A Cup of Cha

Bengal’s immortal love for all things tea



News - India & You

September 3, 2016

/ By / Kolkata

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India is expected to see a significant rise in export of tea, but is still debating whether coffee trumps tea as the national drink. West Bengal’s mandate is resoundingly loud and clear. Cha is what the Bengalis call their tea. Cha is not simply a beverage for Bengal; it is a lifestyle.

Tea, in India and especially Bengal, has stood witness to a tumultuous history, with the British East India Company having  initiated organized commercial tea production for the first time in the country. What was once considered as a drink for the royalty gradually became  a staple for the common folk. Cha is barely  about the careful selection of the tea leaf for the commoner. It is more about rejoicing the tea culture.

The tea estates in the Dooars makes for a great getaway spot in West Bengal

The tea estates in the Dooars makes for a great getaway spot in West Bengal


“I have  the same tea at home in Mumbai, but it doesn’t feel the same!Cha, for me, is habit. The tea tastes like Cha when the Kolkata weather coupled with the ambience of roadside stalls add impetus to it,” says UpasanaDasgupta, a media student who shifted base from Kolkata to Mumbai.
Every street in Kolkata has at least one Cha-wala, literally meaning a tea-seller. Be it as late as 2am or as early as 5am, you’ll always find a tea stall somewhere or the other operating with as much gusto as any other time of the day, with a crowd huddled up reaching out for their cups of the magic potion. You’re not a Cha-lover if you don’t lose count of the cups of tea you had all day.

The exquisiteness of Bengal’s Cha production

The tea spread at the Yule House Tea Lounge is anticipated to take Kolkata by a storm

The tea spread at the Yule House Tea Lounge is anticipated to take Kolkata by a storm

With over 450 tea gardens spread across the Dooars, Terai and Darjeeling region, the northern part of West Bengal makes for a tea lover’s paradise. The Samsing Tea Estate, the largest tea estate spread over 1256 hectares and hailed as the Queen of the Dooars, is a picturesque premise for vacationers.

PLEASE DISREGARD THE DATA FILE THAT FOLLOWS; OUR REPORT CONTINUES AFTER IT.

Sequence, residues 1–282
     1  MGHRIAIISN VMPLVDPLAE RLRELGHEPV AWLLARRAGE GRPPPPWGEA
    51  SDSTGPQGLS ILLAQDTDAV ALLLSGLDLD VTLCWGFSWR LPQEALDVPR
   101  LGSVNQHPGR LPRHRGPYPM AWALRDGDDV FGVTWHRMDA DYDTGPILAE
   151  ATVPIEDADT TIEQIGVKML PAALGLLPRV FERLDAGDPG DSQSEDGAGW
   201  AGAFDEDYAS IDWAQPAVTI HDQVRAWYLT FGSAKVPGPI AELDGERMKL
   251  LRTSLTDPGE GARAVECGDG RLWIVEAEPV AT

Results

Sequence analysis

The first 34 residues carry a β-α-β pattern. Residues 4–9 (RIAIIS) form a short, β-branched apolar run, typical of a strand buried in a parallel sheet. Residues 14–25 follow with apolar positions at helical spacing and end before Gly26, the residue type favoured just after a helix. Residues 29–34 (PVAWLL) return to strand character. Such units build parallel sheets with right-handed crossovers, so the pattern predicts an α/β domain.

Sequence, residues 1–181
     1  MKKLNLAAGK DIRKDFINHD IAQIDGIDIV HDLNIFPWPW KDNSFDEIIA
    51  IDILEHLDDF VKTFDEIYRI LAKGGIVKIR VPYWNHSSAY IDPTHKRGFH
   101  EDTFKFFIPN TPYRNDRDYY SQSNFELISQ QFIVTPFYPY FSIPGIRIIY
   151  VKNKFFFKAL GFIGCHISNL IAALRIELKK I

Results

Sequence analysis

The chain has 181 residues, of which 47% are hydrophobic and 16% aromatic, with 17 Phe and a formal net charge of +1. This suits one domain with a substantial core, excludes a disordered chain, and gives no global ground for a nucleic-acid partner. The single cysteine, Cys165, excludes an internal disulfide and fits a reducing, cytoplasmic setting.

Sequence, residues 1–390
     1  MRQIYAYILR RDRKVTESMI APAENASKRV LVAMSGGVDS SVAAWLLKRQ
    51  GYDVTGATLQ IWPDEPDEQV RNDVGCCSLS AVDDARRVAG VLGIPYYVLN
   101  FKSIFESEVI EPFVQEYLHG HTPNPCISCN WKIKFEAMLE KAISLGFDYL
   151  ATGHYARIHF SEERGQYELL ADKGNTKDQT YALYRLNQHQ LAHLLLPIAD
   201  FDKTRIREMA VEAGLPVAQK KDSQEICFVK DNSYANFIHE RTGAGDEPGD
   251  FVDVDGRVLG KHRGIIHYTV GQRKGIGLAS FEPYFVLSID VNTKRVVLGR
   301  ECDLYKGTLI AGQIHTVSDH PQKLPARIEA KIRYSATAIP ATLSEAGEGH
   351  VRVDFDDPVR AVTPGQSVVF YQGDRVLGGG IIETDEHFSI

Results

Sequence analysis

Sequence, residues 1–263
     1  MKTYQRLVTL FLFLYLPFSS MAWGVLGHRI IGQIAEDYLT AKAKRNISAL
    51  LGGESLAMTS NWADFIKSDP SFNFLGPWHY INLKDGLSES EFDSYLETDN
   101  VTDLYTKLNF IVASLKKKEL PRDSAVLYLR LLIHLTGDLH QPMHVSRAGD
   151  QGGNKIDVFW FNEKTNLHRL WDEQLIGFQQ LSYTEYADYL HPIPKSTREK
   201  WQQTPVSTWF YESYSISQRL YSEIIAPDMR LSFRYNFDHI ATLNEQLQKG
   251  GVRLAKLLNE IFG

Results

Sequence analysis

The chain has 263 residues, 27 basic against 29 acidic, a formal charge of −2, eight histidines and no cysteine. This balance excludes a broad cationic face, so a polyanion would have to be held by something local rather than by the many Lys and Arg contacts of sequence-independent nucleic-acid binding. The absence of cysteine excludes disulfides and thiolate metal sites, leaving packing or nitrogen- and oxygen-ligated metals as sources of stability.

It is imperative to visit the Makaibari Tea Estate for all tea lovers. Situated in the Kurseong subdivision of the Darjeeling district, Makaibari encompasses  seven villages and has three rivers flowing through its estates, emptying into the awe-inspiring Balason, the primary river of the region. As a part of its wide range of tea products available worldwide, an exclusive product would be the Darjeeling Fullmoon Handmade Tea.

Neil Law, founder director of the Himalayan Footprints which is a premier  outbound adventure services company based out of Kolkata and also a connoisseur of tea, strongly recommends infusions of green tea with lemongrass, orange or mint available at the Yule Tea Lounge.

Cha, Nostalgia and a Walk down the Memory Lane

“I love my Cha best when it comes in a Bhaar(a small earthen tea cup which is very symbolic of  Kolkata, available at the myriad tea stalls in every nook and cranny of the city). I like it best when the cha-moment comes minutes after bumping into a friend from another lifetime, invariably followed by ‘ektu Cha hok naaki?’ or ‘ tea, what say?’,” opines Aritra Sengupta, a young playwright from Kolkata.

From the first half of 2015 to the first half of 2016, there has been a slow but steady growth in export of tea  by roughly 5.76 pc. The recent floods in Assam affected the tea industry as a sizeable produce of tea comes from the state. But, the signs of recovery are encouraging while 2016 promises better returns.
Here’s raising a bhaar and slurping to that.

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